Throughout the book, you have used classes from the Java library including
Random, and others. You may not have realized that these classes are written in Java. In fact, you can take a look at the source code to see how they work.
The Java library contains thousands of files, many of which are thousands of lines of code. That’s more than one person could read and understand fully, so please don’t be intimidated!
Because it’s so large, the library source code is stored in a file named
src.zip. Take a few minutes to locate this file on your machine:
- On Linux, it’s likely under:
(You might need to install the
- On OS X, it’s likely under:
- On Windows, it’s likely under:
When you open (or unzip) the file, you will see folders that correspond to Java packages. For example, open the java folder and then open the
awt folder. You should now see
Rectangle.java, along with the other classes in the
Point.java in your editor and skim through the file. It uses language features we haven’t yet discussed, so you probably won’t understand everything. But you can get a sense of what professional Java software looks like by browsing through the library.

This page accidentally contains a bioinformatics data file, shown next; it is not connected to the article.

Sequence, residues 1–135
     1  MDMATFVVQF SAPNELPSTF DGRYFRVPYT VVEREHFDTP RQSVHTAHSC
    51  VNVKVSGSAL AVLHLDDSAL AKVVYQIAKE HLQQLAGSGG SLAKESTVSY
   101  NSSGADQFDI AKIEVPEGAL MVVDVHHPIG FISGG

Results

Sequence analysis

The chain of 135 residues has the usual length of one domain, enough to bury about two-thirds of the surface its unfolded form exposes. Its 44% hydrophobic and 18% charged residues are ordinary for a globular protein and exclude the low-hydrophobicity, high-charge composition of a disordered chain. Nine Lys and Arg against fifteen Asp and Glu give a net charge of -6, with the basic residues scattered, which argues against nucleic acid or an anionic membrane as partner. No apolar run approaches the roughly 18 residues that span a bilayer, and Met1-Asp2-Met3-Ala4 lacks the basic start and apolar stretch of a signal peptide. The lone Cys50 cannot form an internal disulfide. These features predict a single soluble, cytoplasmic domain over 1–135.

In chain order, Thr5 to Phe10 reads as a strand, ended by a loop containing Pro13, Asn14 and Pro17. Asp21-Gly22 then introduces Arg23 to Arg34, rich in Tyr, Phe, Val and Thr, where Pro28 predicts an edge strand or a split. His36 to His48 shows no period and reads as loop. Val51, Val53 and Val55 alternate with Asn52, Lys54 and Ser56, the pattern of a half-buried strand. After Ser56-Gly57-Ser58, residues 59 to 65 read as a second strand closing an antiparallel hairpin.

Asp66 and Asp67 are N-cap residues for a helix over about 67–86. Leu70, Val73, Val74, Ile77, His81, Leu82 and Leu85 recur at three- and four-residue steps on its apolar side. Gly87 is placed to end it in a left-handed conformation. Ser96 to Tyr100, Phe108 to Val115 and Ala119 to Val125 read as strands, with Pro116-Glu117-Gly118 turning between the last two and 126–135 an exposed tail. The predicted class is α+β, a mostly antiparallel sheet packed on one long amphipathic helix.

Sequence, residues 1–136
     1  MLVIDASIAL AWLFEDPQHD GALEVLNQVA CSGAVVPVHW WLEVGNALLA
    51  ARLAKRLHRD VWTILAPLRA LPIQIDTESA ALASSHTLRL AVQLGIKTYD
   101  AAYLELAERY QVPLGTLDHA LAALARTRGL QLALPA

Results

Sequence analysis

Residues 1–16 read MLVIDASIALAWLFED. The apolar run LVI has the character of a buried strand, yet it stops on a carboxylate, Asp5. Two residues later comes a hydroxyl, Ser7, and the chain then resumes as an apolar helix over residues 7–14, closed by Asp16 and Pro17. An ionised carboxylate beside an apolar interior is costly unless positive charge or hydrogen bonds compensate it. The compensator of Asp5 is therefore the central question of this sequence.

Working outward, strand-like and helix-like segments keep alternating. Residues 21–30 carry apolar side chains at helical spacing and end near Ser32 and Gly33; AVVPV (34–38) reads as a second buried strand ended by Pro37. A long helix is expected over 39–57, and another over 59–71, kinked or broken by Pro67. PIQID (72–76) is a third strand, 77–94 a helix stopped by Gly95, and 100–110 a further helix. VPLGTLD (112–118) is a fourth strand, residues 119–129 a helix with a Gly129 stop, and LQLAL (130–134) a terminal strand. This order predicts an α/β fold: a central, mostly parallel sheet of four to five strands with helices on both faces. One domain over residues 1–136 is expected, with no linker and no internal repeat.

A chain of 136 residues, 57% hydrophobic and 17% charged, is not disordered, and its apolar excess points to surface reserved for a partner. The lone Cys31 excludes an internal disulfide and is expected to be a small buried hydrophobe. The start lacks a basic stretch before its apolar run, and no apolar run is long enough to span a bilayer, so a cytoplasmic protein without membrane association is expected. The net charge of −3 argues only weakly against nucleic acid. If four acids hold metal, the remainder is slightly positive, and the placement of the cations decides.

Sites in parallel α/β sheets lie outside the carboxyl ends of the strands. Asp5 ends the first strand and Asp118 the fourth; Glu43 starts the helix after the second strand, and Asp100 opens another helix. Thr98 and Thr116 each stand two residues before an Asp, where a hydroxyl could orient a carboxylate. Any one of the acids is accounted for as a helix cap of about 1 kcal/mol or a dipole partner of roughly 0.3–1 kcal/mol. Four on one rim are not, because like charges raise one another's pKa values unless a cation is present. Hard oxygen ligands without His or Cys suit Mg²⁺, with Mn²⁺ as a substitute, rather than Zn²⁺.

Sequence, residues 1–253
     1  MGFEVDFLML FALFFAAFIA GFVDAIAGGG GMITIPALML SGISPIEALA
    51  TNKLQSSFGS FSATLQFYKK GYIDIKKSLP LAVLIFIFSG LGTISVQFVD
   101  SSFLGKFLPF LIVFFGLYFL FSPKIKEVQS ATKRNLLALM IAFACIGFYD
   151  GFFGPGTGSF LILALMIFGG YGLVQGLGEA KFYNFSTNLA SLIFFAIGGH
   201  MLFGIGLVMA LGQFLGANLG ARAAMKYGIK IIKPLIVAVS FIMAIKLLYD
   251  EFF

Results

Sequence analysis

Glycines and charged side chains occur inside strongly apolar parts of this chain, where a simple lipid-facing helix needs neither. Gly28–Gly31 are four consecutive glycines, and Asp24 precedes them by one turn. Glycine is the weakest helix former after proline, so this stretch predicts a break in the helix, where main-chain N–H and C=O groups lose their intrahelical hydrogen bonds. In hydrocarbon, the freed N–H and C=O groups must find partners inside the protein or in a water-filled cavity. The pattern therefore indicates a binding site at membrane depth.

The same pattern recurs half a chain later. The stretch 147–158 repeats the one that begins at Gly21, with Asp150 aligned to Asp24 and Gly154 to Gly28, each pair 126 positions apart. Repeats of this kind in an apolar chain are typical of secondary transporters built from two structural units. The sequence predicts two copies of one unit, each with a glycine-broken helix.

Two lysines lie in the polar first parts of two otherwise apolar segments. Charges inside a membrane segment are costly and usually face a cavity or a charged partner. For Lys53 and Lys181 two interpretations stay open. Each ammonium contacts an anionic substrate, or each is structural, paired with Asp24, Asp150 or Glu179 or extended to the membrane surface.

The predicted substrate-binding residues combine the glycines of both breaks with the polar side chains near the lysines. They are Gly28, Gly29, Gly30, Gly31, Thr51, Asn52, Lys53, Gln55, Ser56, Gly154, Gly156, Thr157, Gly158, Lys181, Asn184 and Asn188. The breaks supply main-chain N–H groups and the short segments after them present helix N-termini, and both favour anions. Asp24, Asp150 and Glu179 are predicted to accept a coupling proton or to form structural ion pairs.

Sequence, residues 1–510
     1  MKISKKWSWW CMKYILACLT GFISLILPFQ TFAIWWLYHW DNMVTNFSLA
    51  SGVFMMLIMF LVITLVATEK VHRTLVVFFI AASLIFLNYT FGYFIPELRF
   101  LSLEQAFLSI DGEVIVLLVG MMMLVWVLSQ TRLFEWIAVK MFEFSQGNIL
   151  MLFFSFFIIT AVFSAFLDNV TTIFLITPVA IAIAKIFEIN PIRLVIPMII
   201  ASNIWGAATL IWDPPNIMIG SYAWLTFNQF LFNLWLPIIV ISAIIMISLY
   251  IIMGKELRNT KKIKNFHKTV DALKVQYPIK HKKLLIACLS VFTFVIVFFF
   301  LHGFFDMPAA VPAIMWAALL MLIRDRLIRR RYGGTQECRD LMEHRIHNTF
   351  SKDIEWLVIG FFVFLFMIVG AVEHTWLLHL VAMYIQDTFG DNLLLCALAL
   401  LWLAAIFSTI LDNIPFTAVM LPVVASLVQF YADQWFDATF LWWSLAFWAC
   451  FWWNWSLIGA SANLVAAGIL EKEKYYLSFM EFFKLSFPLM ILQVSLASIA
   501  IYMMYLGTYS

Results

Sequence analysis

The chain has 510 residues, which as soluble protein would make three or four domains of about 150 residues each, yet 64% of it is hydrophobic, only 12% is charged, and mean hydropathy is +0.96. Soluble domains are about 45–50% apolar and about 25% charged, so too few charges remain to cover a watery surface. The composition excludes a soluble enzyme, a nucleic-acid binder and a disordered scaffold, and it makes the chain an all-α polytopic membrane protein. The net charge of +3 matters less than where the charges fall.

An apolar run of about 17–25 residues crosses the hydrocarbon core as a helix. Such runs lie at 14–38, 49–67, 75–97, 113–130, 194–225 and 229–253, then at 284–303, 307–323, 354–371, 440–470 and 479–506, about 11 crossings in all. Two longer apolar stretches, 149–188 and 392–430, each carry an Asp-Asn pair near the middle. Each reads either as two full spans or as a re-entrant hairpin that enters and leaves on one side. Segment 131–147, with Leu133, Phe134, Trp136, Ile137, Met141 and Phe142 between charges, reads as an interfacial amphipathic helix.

Notice how much of
Point.java is documentation. Each method is thoroughly commented, including
@return, and other Javadoc tags. Javadoc reads these comments and generates documentation in HTML. You can see the results by reading the documentation for the
Point class, which you can find by doing a web search for “Java Point”.
Now take a look at
translate methods. There is more to them than you may have realized, but that doesn’t limit your ability to use these methods in a program.
To summarize the whole chapter, objects encapsulate data and provide methods to access and modify the data directly. Object-oriented programming makes it possible to hide messy details so that you can more easily use and understand code that other people wrote.